1972-03-24; Central Michigan Life
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&Wff&& ''Weekender'* edition More features, columns and entertainment1.1 i_S»!_*f Mount Pleasant, Michigan, 48858 Friday, March 24,1972. Computer Registration Schedule! See Page 16! Which part still exists? arijuana law confuses agencies By JIMMIE LYNCH L|FE Community Affairs Editor and By JACK MILLER UFE Community Affairs WriMr - ib. Michigan Supreme Court reversed *»*■ " of John sLlair_ior ^session i marijuana two J8"** have been con- -ttS*tKa_y.ot estate am la* suu <»«"»• M,1S(H_ by the c^sion is apparency »*«W» Sji'iaw still exists -j?SS__;s=K- SsfeaS? .«*. ^two called for re-sentencing. .'• The current state law, which ^Kf*™"- as a hard narcotic, was ^W.h^l of eaual protection clauses of thestate S5ralinstitutions. A new sta^ law to Kect April 1, r^?ltl«-."«*^ Jking it out of the hard narcotics category and softening penalties for possession. locally courts and enforcement agencies Dlaying it by ear until the new law takes J"'sW-sixth District Court J^ge Hondas A. Dehn, said he was told by the state de5v court administrator in Lansing, that iTpUienV of whether or not to. prosecute lor possession of marijuana is up to the local court. . "We don't really know what the Supreme Court said," explained Judge Dehn. The judge said he contacted several state judicial, officials, none of whom could give him a definite answer on the ramifications of the Supreme Court's decision. Judge Dehn said the decision is difficult to interpret since the justices* opinion varied so widely He said he believes the decision does not u.ean that persons n iot.be arrested and convicted under Michigan law. Judge Dehn's opinion appears to be in conflict with that of Michigan Supreme Court Chief Justice Thomas M. Kavanagh. Justice Kavanagh said, in a story'reported two weeks ago by the Lansing State Journal, there would be no way to prosecute persons for possession of marijuana until the new law takes- effect April 1. W Isabella County Prosecuting Attorney James Fox said he has' also contacted state judicial officers on the decision and has gotten no definite answers. He was told that local courts are to form their own opinion. Fox theorized that since the decision reversing Sinclair's conviction dealt with entrapment, it may still be possible to make an arrest and obtain conviction under state laws. He said local law enforcement officials may seek warrants under federal, law but arrest may not be possible. Fox said he issued an arrest warrant on possession but the defendant was arrested on other charges. In general, before issuing another warrant for possession, Fox said he would have to look at the circumstances surrounding the case-before deciding. "I couldn't say if I would issue another warrant or not," he said. Mt, Pleasant Police Chief Thomas Martin said, "Arrests would depend on the circumstances.. I'm not going Jto say we're not going to arrest anyone on possesssion." John McAuliffe, director of CMU Department of Public' Safety, said he wasn't really sure what they would do until confronted with the situation. "If they--the legislature-meant to legalize marijuana, there wouldn't be a law in April," he said. The director said police agencies are being cautious about arrests for fear of being sued. He added that his department will continue to act in the spirit of the old law. To date no, arrests have been made for possession in the area since the Court's decision. Although there is no local ordinance concerning possession pi marijuana, the student code .of conduct makes a general reference to drugs. Section 3.2.11 of Student Rights and Responsibilities states, '-A stucient shall not possess, iise, or distribute, or aid in the use or distribution of, any of the narcotic or "legal drugs except as expressly permitted by law." McAuliffe said although arrest is not possible under'the. code, a student caught witn the drug may be spelled or suspended. CM LIFE posed the following question to several -dents "Do you smoke more marijuana since the John Sinclair decision?" Some of the responses were: "No more than I use to." "At parties and concerts it appears to be more in the open. About the same." "I haven't noticed anyone smoking grass in public." ENJOY?- State laws regarding the possession of Suana are presently being «g**g£ throughout the state -- except ** ™Utfhere time-aged traditions and regulations remain veiy anti-marijuana. did lies aqainst fax policy V_f _ . ., _„__„4-QH in_nme tax , William Joyner, Mt. Pleasant senior yJB Democratic candidate for the State ;We of Representatives from what now ls the 100th District, has accused the nepubhean Party of failure to reform Ws which would reduce the burden %m °n the shoulders of the working The working man and the low income family should not carry the burden." Joyner spoke to the Montcalm Democratic Party in an- attempt to carry out a, vow made when originally announcing his candidacy. That vow was to speak to as many groups and individuals as possible in order that levels of consciousness might be rai _ed on the various with sug- rich. criticize without coming up _ gestions or solutions. I eewmtet take all the possible meaning uLefforts to institute an era of tax equity through I support the graduated income tax as a means to attain this goal. If we collected the taxes on a national level that the rich are avoiding paying as a result of the loopholes in the structure, this country . . . _/• i •_• ..___ r>_ a T"_ .lilt (__ st?;'ement made to the Montcalm' •"-'—-;•— —- .andidate said. '£__ ■*_«* WH» S—"* '«_____L_*_J_______51_-SS Wed- ":Jw. stated, "I am greatlfupset that I. c_i?Vei0Ur confidence-to elected offi- I bfeJ. to have them turn around and ^ enn!h?ffidence that we have *uSt ecenuy bestowed upon them." - .te^ky * announced my candidacy for m th HoUse iust over one- n*011*11 ;J» we ^employment rate was at 7.1%; ******, at 8.5%. I ask the people -much i ict and ©Four state, bow *ithtS_ are we eojng to *p# up vote ! Tore we combine forces and ~ —' .. in iq7n 5^. of office those Mt-bring us f «« sal* Ik of weWicies that have created this sit^ «»**■ ** a Part of Quotations from Joyner's speech Wed hesday include: ._.*„„ "The incumbent from this district rah on a platform of a tax ^atonnm in 1670. The income tax n f * f * £* since lumped from 1.3 to 2.6 to 3.9 per ^iU?and should the ^SJZ his way with the Pr^^/Stmp reform package, we may see that jump to I or 9 percent. , would not be so politically, naive as that there would not *JX^%^«~ ^S^mon aVear as a result Women's honor board hosts 'Academic Walk-In realize what classes are available to them until their upper level college years. "This is why we're inviting all students convenient >». * __ , ..„„ to attend - -perhaps questions andj.ro- toe Senior Women's Honor Board sppnsors to atten P^^ ^ ^ a„ "Academic Walk-In,';.from 2.15^ to ^ t made later> and sothebestpossible . ___ TT __v renter Ball a ^ ^ ^ ., she _dds Students' questions about ^ and minors can be answered in one quick, ..£__- stop Tuesday afternoon when to say be taxes, ii_ -— ~ . I realize also that taxes are a part oi our We What *e .mUstdoisseeWthema„«h^abWy to pay does pay and that Uf "*» tax closed. We must ^^commeiits, Joyner added it Would outcftm- Slt back and criticize Twith- tions■ t Up with suggestions or «olu- , ' » support a graduated income aged, the young *e °i!!___if lo°Pholes are non-existent, do not carry th ll.se2f0Ve int0 an «ra whereby schools. ros^ohavethemeanstop^shom --It is indeed easy to that are in etsten^e in the tederaHa, , ^ ^-J^yj* advice about careers^^ep^ stu_ent_ these q^ements^and^omake^ structure are cio^u ^. - the the poor aged, tne youug, r°*r»^ financing our do not carry the burden oi n» sit back and 4-15 p.m. in the University Center Ball room All students are welcomed. ^prntt^wm^SnC; r^transwe's to quesions.on your to provide ^!£rV^slie Friedemann, „iind," according to Leslie rn«u Honor Board representative j idea of the day ia/" ^r": advice about careers^^^^^^^ Classes people would like to see initiated in future years can also be discussed, she says. There is no charge for the Tuesday event and no appointments are required. "We would urge, however, that students come early to make full use of teachers' time and talents," Miss Friedemann says. "We hope this can become a yearly event in the future, as well as a very helpful event now for CMU students." tr~- 'I M**"..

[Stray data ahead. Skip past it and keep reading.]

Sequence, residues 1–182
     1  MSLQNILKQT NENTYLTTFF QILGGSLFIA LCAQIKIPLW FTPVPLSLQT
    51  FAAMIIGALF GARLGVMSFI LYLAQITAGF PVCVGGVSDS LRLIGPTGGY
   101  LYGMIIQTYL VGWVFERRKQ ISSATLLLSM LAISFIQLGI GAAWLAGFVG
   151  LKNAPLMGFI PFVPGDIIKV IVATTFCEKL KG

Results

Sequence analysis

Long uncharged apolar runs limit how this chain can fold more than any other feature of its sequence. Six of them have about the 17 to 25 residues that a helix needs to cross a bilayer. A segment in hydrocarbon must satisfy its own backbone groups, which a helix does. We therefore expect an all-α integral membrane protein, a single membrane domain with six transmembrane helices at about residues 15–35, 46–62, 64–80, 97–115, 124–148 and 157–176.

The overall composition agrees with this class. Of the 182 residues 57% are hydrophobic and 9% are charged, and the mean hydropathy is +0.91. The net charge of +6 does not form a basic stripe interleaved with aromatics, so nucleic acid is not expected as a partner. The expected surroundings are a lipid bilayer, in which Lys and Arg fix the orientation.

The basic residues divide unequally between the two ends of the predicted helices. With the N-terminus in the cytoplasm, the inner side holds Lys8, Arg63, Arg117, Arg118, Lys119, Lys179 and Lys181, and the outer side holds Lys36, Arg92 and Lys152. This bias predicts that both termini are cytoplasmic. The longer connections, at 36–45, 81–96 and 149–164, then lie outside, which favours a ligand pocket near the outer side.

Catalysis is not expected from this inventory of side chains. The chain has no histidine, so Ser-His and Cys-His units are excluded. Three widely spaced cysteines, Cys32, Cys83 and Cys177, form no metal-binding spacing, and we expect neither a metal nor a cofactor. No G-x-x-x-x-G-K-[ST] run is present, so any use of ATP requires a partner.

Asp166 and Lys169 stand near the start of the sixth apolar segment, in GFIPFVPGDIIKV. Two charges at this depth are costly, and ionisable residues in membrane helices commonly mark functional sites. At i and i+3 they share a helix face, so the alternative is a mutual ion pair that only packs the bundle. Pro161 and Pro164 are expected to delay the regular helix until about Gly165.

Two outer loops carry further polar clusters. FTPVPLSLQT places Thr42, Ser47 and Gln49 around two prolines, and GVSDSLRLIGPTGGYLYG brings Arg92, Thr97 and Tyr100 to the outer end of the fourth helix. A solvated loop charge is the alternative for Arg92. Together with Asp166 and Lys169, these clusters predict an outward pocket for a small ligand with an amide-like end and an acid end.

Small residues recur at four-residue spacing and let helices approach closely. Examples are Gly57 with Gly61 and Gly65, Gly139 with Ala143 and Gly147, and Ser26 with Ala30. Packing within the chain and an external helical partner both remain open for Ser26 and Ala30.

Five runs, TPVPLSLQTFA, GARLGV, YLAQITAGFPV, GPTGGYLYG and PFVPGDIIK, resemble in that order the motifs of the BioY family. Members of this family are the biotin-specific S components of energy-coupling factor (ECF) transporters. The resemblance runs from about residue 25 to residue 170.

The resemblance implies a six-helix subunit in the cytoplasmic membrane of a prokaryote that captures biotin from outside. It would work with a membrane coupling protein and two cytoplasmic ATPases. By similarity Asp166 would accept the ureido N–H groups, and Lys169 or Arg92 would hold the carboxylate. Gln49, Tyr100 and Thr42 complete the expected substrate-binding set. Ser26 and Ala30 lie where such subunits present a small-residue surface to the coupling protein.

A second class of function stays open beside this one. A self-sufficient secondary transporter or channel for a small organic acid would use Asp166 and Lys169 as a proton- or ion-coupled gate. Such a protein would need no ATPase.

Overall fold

|Title||1972-03-24; Central Michigan Life|
|Publisher||Students of Central Michigan University|
|Description||Friday, March 24, 1972 issue of the student newspaper of Central Michigan University. Also known as CM-Life. Originally published biweekly. Later published three times a week during the academic year and once a week during the summer. Began publication in 1941. Previously known as Central State Life. Issues from 1999 to the present are available online at the CMLife website.|
|Subject/Keywords||Central Michigan University - Newspapers; Mount Pleasant (Mich.) - Newspapers; Isabella County (Mich.) - Newspapers; College student newspapers and periodicals;|
|Copyright Permission||Copyright 1972 by Central Michigan University. This material is copyrighted and any further reproduction or distribution is prohibited.|